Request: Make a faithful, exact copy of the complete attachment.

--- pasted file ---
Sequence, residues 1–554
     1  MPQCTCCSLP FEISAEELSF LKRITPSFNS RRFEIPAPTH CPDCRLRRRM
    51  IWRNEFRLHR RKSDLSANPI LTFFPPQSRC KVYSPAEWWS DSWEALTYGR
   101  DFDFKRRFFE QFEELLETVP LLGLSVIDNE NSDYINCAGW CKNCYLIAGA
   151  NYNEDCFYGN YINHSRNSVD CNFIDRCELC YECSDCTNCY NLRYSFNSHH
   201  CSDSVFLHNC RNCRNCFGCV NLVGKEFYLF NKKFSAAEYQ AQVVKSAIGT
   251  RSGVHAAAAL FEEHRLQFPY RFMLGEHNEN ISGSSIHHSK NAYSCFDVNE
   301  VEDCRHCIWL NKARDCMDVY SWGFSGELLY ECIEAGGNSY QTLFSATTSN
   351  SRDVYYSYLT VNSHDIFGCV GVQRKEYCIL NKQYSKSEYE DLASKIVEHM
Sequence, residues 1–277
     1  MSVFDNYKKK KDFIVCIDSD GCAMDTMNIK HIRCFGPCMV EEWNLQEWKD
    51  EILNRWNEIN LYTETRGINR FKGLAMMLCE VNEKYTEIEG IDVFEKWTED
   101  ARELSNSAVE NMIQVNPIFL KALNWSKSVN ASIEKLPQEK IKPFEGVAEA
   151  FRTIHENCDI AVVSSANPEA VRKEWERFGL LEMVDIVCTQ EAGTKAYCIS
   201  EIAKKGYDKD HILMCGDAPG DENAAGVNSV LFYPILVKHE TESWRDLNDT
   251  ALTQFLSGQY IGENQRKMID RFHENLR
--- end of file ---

Sequence, residues 1–554
     1  MPQCTCCSLP FEISAEELSF LKRITPSFNS RRFEIPAPTH CPDCRLRRRM
    51  IWRNEFRLHR RKSDLSANPI LTFFPPQSRC KVYSPAEWWS DSWEALTYGR
   101  DFDFKRRFFE QFEELLETVP LLGLSVIDNE NSDYINCAGW CKNCYLIAGA
   151  NYNEDCFYGN YINHSRNSVD CNFIDRCELC YECSDCTNCY NLRYSFNSHH
   201  CSDSVFLHNC RNCRNCFGCV NLVGKEFYLF NKKFSAAEYQ AQVVKSAIGT
   251  RSGVHAAAAL FEEHRLQFPY RFMLGEHNEN ISGSSIHHSK NAYSCFDVNE
   301  VEDCRHCIWL NKARDCMDVY SWGFSGELLY ECIEAGGNSY QTLFSATTSN
   351  SRDVYYSYLT VNSHDIFGCV GVQRKEYCIL NKQYSKSEYE DLASKIVEHM
Sequence, residues 1–277
     1  MSVFDNYKKK KDFIVCIDSD GCAMDTMNIK HIRCFGPCMV EEWNLQEWKD
    51  EILNRWNEIN LYTETRGINR FKGLAMMLCE VNEKYTEIEG IDVFEKWTED
   101  ARELSNSAVE NMIQVNPIFL KALNWSKSVN ASIEKLPQEK IKPFEGVAEA
   151  FRTIHENCDI AVVSSANPEA VRKEWERFGL LEMVDIVCTQ EAGTKAYCIS
   201  EIAKKGYDKD HILMCGDAPG DENAAGVNSV LFYPILVKHE TESWRDLNDT
   251  ALTQFLSGQY IGENQRKMID RFHENLR